On the Lemon Bay near the Alligator Creek estuary, you will find 5 acres of public area with the ferry terminal, boat ramp, and crab dock. The ferry holds 18 passengers at a time and leaves the dock every half-hour between 9:30am and sunset every day (except Wednesdays) to carry you to your private beach on the Gulf of Mexico. The 4-minute ride to the pristine beach on the Gulf is unforgettable. The beach is unique in its privacy and provides an opportunity for swimming, sunning, shelling, and shark-tooth hunting. You may see manatees during the ride, and dolphins come to the beach almost every day. It is a perfect place for those looking for a vacation of low-key activities like boating, kayaking, or sailing. Shore fishing in Lemon Bay is another popular activity.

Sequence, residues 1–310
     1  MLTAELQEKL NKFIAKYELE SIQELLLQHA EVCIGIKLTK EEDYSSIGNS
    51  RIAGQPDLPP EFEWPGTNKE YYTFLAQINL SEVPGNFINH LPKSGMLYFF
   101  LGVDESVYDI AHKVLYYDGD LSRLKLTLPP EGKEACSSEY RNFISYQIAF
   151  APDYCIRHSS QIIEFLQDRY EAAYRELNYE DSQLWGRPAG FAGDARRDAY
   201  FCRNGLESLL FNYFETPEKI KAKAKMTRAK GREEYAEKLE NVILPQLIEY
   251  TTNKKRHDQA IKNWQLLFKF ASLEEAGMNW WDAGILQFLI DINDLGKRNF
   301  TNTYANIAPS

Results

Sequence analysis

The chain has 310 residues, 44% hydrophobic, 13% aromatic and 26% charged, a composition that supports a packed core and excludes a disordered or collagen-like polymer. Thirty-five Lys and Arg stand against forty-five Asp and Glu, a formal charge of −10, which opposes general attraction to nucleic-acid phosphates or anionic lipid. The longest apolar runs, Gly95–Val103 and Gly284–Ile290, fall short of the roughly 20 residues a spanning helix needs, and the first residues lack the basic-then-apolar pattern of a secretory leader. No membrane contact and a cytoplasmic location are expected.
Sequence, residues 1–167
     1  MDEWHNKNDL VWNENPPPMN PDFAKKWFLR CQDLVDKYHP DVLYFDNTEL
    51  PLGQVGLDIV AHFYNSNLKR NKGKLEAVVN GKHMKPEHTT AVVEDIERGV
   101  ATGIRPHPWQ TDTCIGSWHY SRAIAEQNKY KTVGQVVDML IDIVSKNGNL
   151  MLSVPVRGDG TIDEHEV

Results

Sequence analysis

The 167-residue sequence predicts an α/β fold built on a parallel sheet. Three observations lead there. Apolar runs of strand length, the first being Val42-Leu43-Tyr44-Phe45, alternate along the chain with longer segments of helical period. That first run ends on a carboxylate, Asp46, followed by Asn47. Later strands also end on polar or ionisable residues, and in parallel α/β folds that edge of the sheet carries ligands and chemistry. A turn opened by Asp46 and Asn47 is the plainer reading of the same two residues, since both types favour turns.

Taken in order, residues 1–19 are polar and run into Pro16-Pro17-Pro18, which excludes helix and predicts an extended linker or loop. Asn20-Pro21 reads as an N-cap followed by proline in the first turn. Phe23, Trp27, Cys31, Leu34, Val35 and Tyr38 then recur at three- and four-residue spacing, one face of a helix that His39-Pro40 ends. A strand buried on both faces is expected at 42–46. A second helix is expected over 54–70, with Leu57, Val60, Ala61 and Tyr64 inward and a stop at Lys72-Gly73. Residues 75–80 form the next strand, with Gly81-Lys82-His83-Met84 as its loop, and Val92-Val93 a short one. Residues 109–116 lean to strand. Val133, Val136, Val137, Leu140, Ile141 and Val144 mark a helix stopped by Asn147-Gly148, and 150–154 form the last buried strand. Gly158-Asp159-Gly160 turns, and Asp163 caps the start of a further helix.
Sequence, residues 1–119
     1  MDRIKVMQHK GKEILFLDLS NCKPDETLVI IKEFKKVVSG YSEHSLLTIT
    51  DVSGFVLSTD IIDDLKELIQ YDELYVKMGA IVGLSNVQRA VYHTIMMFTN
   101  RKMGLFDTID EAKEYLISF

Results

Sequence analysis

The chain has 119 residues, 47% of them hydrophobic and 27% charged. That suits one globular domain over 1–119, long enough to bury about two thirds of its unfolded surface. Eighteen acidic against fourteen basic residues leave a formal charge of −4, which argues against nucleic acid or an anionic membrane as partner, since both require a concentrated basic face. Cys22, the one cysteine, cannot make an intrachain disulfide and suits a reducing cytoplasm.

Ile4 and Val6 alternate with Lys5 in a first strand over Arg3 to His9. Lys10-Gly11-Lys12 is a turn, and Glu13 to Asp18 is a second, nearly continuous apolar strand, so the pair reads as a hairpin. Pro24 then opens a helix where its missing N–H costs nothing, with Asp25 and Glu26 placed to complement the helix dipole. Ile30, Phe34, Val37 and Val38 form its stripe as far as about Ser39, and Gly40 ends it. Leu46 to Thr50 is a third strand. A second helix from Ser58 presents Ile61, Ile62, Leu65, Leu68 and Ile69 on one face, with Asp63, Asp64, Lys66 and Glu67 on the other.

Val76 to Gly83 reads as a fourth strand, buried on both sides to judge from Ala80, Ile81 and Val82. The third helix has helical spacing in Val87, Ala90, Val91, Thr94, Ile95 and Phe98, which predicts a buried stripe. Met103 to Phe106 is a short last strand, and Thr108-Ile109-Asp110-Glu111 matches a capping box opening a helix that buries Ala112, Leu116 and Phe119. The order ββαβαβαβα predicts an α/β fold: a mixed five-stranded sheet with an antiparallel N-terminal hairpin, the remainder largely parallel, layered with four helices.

Florida is a paradise for golfers and draws more golfers than any other state. The South Venice Beach area alone offers three privately-owned golf courses (Bird Bay, Capri Isles, and Waterford), one public golf course (Lake Venice Golf Club), and another eight within a half-hour’s drive.

In the northwest part of South Venice Beach is Shamrock Park & Nature Center (free). Here visitors can find tennis and basketball courts, children’s playgrounds, a nature trail (1 mile), an environmental center, and a sheltered picnic area. The Venetian Waterway Park links Shamrock Park with the Venice historic district. The Waterway Park is actually a 8-foot-wide picturesque trail running along the Intracoastal Waterway.

South Venice Beach
South Venice Beach
Venice, Florida